MP: Well I think all of them have so much more experience in this type of environment and this setting as far as cooking is concerned. So, you know, think about anybody who has been doing something for a long time and then somebody else coming in who has been doing something similar but not exactly that thing. You always feel that that guy is sort of handicapped in a way. So, for me, I honestly felt like I just wanted to come here and represent what I hope would come out, which is "food is important," and it's really important to me.
You mentioned that you switched your culinary point of view from fine dining to rustic cooking. Can you talk about that turning point in your life?
MP: I've had some real big events in my life that change the way the most important thing in my life is treated today, and that's my family. So food used to really ride sort of a pinnacle in my world, and when my father passed away, I started to realize that the value of food was not really an artistic expression as much as it was a vehicle to create a memory. That signaled a change in my life, and it gave me a platform to try to communicate to other people that that simple meal that you sit down to eat with the people that you love, that's what food is really meant for, you know? And that the fact that we don't do it often enough in today's society, especially in the urban environments that we live in — New York City being obviously the largest of the urban environments — I feel like people are starting to realize the value of the simple meal, of time spent with one another, of sharing bread, of breaking bread. … So the real question is, why not take something that we have to do, to survive as human beings, and make it relevant in our lives? Take the time to say that we need to share a meal whether it's in a restaurant or at your house, making time to say that the people that we love have to be part of that experience somehow, so that we can create a memory that — I guarantee you, if you allow to happen — will bloom into a much larger meaning later on in life.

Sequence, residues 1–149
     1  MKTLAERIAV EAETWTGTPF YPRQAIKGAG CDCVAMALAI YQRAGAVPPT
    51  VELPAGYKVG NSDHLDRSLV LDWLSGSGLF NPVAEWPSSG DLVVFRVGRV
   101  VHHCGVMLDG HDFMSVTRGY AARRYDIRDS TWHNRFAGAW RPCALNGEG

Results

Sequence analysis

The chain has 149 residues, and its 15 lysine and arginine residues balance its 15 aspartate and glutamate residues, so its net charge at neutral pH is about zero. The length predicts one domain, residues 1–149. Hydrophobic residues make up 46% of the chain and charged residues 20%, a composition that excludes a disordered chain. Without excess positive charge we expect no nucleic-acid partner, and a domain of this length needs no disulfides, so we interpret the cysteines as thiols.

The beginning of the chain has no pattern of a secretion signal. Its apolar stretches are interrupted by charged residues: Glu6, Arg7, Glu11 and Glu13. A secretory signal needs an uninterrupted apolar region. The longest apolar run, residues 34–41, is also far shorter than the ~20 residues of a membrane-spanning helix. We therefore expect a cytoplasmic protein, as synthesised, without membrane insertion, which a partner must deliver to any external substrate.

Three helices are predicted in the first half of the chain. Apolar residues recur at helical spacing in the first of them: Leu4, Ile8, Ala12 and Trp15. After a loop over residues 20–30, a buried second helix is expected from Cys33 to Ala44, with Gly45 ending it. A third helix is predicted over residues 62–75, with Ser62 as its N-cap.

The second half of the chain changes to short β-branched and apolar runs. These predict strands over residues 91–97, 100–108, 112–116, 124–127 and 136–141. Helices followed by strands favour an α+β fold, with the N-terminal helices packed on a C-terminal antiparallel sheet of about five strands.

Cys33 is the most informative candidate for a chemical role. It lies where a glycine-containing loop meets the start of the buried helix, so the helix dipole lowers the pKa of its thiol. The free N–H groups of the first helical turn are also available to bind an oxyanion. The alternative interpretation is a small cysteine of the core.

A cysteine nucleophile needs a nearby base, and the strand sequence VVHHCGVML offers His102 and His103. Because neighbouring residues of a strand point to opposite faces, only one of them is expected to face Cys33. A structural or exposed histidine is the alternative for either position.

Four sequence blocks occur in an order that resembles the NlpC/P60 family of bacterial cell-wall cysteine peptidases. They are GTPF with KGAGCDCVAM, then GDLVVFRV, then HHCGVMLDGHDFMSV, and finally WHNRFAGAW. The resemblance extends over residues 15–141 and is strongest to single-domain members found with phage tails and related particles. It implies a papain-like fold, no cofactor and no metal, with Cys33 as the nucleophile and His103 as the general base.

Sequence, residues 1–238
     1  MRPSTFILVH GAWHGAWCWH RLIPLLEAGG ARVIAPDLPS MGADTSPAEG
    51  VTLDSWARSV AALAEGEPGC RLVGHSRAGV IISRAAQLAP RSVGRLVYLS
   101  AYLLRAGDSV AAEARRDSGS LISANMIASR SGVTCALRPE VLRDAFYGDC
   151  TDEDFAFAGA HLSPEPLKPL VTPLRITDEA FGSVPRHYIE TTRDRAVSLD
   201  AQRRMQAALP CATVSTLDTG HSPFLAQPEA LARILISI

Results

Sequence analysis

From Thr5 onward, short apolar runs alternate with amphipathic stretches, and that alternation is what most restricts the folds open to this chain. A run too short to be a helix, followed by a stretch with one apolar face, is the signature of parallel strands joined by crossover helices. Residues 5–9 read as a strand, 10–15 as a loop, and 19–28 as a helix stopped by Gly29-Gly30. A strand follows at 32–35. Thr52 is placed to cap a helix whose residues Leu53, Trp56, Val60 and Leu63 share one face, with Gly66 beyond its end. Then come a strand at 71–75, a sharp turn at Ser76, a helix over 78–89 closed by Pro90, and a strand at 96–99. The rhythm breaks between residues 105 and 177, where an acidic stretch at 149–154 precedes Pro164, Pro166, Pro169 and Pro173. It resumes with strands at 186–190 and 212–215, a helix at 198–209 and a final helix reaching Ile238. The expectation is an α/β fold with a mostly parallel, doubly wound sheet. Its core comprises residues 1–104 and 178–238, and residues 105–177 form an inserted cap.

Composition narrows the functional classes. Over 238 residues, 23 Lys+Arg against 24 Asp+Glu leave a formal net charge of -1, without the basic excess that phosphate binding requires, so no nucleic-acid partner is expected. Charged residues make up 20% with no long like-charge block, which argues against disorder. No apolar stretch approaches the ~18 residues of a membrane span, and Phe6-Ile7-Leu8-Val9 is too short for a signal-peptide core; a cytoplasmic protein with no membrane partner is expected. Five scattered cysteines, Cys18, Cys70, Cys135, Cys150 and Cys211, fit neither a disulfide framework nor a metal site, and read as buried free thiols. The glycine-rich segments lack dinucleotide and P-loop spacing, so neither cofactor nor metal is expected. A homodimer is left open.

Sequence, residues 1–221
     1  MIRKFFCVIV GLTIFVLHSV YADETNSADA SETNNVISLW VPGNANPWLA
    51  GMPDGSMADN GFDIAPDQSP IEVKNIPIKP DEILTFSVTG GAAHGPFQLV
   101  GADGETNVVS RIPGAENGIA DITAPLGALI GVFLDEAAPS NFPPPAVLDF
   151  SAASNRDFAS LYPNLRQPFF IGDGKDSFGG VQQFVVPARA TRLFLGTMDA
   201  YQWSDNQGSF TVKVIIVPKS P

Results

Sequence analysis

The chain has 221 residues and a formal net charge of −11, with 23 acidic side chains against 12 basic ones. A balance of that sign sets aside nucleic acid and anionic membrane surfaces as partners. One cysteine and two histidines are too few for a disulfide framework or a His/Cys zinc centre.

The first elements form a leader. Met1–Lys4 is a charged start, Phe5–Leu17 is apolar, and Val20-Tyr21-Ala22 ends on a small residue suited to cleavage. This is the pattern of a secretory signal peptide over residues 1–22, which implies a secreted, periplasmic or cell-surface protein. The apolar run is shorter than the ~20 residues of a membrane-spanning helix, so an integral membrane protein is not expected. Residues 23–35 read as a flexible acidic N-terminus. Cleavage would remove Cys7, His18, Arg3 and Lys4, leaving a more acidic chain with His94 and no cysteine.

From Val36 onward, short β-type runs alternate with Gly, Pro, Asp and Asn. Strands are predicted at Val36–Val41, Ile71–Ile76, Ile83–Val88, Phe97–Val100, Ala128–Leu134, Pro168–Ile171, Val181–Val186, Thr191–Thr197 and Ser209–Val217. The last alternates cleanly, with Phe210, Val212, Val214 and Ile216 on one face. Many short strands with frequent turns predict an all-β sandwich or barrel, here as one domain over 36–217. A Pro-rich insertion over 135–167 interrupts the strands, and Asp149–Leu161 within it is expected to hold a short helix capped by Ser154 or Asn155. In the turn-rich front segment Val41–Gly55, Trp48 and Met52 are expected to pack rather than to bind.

MP: I didn't come here today to win, I came here to raise awareness. And, you know, I think I did that, and I think I was fortunate enough, especially based on the people that were here, to be in a position where maybe I really can help financially; maybe I really can take something beyond just a voice and do something tangible for them. So, you know, that's the goal. I mean, I have one more round that I have to win, and it won't be easy, and it wasn't easy today. … One thing I can assure you is that I'm going to do my best, and that's all I can do.
MP: This charity is very close to me. My father passed away, in one way or another, because he lost his kidneys. And the reason why I chose [The Polycystic Kidney Disease Foundation] was because there's no cure for [that disease], you know? It's scary to think that it's a genetic disease, that I'm a carrier, that my children potentially could have the same thing happen to them and that there really is no cure. There has to be some way for us to tell people that. We need to find cures for diseases like this; we need to spend some time thinking about how we can effectively make a commitment to creating a better environment for somebody and saving a life. At the end of the day we're cooking here to have fun, we're cooking here for television and we're cooking here to try to achieve a goal, but you know, what really is a bigger reward than saving a life? I don't think there is one.